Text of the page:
Research

Effective control of dengue vectors with curtains and water container covers treated with insecticide in Mexico and Venezuela: cluster randomised trials

BMJ 2006; 332 doi: https://doi.org/10.1136/bmj.332.7552.1247 (Published 25 May 2006) Cite this as: BMJ 2006;332:1247
  1. Axel Kroeger, scientist (kroegera{at}who.int)1,
  2. Audrey Lenhart, research assistant2,
  3. Manuel Ochoa, institutional coordinator3,
  4. Elci Villegas, university professor4,
  5. Michael Levy, research assistant5,
  6. Neal Alexander, senior lecturer in medical statistics and epidemiology6,
  7. P J McCall, senior lecturer in medical entomology2
  1. 1 Special Programme for Research and Training in Tropical Medicine (TDR/WHO), World Health Organization, Geneva, Switzerland
  2. 2 Liverpool School of Tropical Medicine, Liverpool L3 5QA
  3. 3 IMSS-OPORTUNIDADES, Col Juarez CP 06600 Mexico City, Mexico
  4. 4 Universidad de los Andes, Nucleo Rafael Rangel, Centro de Investigaciones Josè Witremundo Torrealba, Trujillo, Venezuela
  5. 5 Program in Population Biology, Evolution and Ecology, Division of Biological and Biomedical Sciences, Emory University, Atlanta, GA, USA
  6. 6 London School of Hygiene and Tropical Medicine, London WC1E 7HT
  1. Correspondence to: A Kroeger
  • Accepted 9 March 2006

Abstract

Objectives To measure the impact on the dengue vector population (Aedes aegypti) and disease transmission of window curtains and water container covers treated with insecticide.

Design Cluster randomised controlled trial based on entomological surveys and, for Trujillo only, serological survey. In addition, each site had a non-randomised external control.

Setting 18 urban sectors in Veracruz (Mexico) and 18 in Trujillo (Venezuela).

Participants 4743 inhabitants (1095 houses) in Veracruz and 5306 inhabitants (1122 houses) in Trujillo.

Intervention Sectors were paired according to entomological indices, and one sector in each pair was randomly allocated to receive treatment. In Veracruz, the intervention comprised curtains treated with lambdacyhalothrin and water treatment with pyriproxyfen chips (an insect growth regulator). In Trujillo, the intervention comprised curtains treated with longlasting deltamethrin (PermaNet) plus water jar covers of the same material. Follow-up surveys were conducted at intervals, with the final survey after 12 months in Veracruz and nine months in Trujillo.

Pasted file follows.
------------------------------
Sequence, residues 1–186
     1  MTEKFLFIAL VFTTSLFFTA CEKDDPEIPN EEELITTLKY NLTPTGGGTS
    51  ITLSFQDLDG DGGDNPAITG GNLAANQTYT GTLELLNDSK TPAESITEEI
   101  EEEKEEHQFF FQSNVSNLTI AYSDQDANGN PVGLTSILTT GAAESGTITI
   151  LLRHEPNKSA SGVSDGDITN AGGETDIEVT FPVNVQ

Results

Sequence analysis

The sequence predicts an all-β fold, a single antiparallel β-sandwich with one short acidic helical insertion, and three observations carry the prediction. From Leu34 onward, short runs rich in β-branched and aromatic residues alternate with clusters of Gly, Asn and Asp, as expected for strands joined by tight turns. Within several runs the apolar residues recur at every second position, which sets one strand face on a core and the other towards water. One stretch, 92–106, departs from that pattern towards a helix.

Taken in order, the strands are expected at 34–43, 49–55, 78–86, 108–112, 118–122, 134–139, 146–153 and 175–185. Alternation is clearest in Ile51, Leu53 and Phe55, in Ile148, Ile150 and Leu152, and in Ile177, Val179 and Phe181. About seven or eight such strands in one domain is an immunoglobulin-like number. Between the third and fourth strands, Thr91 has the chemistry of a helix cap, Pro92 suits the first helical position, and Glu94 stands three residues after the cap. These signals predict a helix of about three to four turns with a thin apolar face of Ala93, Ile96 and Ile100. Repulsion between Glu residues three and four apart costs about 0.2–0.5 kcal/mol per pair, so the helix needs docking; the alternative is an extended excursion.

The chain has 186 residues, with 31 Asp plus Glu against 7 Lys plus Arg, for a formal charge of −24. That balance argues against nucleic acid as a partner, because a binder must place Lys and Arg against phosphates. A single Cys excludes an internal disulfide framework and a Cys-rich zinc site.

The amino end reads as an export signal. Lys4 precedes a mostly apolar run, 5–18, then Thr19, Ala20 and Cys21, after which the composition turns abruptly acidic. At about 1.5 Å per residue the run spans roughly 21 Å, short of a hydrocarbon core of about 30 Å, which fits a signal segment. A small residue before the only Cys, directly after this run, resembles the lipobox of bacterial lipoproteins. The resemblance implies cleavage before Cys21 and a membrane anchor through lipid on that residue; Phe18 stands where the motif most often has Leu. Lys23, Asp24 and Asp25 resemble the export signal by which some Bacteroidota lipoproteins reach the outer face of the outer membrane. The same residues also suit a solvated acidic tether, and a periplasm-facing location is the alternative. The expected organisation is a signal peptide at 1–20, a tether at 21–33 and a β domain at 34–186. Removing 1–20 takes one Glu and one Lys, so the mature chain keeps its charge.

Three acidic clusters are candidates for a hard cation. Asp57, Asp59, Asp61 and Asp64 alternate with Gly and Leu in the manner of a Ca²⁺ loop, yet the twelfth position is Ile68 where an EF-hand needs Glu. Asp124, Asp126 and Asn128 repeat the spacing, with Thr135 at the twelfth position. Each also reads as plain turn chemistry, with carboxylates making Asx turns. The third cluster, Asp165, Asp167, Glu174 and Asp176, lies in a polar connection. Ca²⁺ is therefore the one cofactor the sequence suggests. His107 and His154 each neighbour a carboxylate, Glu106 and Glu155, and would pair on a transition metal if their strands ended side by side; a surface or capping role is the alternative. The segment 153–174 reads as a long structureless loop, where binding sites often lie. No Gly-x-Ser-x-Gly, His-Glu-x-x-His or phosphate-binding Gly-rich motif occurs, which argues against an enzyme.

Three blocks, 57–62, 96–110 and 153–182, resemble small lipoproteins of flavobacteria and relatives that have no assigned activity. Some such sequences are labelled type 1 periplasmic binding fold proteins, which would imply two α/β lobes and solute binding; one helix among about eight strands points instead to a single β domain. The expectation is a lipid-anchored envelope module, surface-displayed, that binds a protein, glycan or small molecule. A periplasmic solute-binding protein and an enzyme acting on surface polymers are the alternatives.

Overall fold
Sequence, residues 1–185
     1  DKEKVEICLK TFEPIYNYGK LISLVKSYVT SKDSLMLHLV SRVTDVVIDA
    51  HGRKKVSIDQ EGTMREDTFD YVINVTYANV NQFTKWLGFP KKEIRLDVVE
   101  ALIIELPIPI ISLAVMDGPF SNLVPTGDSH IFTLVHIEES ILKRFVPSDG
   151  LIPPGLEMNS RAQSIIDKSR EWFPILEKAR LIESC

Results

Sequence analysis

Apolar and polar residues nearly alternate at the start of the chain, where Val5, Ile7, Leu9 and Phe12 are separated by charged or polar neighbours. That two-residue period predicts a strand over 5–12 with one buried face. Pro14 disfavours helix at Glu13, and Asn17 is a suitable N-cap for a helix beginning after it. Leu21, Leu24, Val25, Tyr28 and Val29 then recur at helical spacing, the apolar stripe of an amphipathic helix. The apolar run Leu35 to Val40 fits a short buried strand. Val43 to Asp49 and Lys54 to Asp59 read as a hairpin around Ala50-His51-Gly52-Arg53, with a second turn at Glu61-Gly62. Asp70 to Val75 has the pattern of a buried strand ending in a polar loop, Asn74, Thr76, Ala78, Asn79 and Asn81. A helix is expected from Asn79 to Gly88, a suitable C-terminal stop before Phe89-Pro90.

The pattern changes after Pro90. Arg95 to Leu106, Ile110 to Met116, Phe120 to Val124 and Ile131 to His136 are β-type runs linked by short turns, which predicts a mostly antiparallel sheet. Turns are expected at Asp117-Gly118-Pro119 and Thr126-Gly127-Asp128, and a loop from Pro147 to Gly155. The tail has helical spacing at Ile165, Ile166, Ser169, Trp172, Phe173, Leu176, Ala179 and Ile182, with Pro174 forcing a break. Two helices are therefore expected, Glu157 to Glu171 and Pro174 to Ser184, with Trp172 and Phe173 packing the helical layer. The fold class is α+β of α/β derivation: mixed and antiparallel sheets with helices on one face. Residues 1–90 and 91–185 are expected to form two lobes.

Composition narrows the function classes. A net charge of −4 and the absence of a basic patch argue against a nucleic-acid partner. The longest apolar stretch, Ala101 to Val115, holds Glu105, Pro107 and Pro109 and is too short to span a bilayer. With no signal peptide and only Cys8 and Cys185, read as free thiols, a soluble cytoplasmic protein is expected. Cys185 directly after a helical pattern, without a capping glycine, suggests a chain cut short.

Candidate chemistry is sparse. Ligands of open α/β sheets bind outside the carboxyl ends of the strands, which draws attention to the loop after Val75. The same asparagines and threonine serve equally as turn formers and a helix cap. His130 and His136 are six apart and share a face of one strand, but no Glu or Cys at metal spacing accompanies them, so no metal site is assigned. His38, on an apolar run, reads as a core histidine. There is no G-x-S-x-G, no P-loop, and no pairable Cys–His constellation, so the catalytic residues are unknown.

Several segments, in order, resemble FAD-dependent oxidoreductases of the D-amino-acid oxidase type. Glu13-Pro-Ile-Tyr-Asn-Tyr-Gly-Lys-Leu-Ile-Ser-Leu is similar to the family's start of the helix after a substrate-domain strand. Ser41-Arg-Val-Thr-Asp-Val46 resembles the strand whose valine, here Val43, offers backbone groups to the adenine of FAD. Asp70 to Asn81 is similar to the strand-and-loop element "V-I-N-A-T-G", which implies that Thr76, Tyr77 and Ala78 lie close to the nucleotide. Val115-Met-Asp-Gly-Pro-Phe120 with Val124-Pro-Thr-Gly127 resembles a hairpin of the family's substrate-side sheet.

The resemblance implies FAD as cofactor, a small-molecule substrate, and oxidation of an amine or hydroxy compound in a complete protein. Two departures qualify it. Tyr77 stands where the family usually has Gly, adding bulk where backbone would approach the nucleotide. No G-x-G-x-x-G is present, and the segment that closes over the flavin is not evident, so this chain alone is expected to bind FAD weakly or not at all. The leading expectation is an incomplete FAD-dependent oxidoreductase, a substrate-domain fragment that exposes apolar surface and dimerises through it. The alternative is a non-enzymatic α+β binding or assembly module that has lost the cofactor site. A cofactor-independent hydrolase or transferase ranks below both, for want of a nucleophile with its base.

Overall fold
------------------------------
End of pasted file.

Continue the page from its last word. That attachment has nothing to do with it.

Main outcome measures Reduction in entomological indices, specifically the Breteau and house indices.

Results In both study sites, indices at the end of the trial were significantly lower than those at baseline, though with no significant differences between control and intervention arms. The mean Breteau index dropped from 60% (intervention clusters) and 113% (control) to 7% (intervention) and 12% (control) in Veracruz and from 38% to 11% (intervention) and from 34% to 17% (control) in Trujillo. The pupae per person and container indices showed similar patterns. In contrast, in nearby communities not in the trial the entomological indices followed the rainfall pattern. The intervention reduced mosquito populations in neighbouring control clusters (spill-over effect); and houses closer to treated houses were less likely to have infestations than those further away. This created a community effect whereby mosquito numbers were reduced throughout the study site. The observed effects were probably associated with the use of materials treated with insecticide at both sites because in Veracruz, people did not accept and use the pyriproxyfen chips.

Conclusion Window curtains and domestic water container covers treated with insecticide can reduce densities of dengue vectors to low levels and potentially affect dengue transmission.

Footnotes

  • Funding British Council, Sir Halley Stewart Trust, Simpson Education and Conservation Trust. ML received a Howard Hughes fellowship. PermaNet materials were donated by Vestergaard Frandsen, lambdacyhalothrin by Syngenta, and pyriproxyfen by the Sumitomo Corporation.

  • Competing interests None declared.

  • Ethical approval Liverpool School of Tropical Medicine, local ethical committees at IMSS-OPORTUNIDADES, Mexico, and the Universidad de los Andes, Venezuela.

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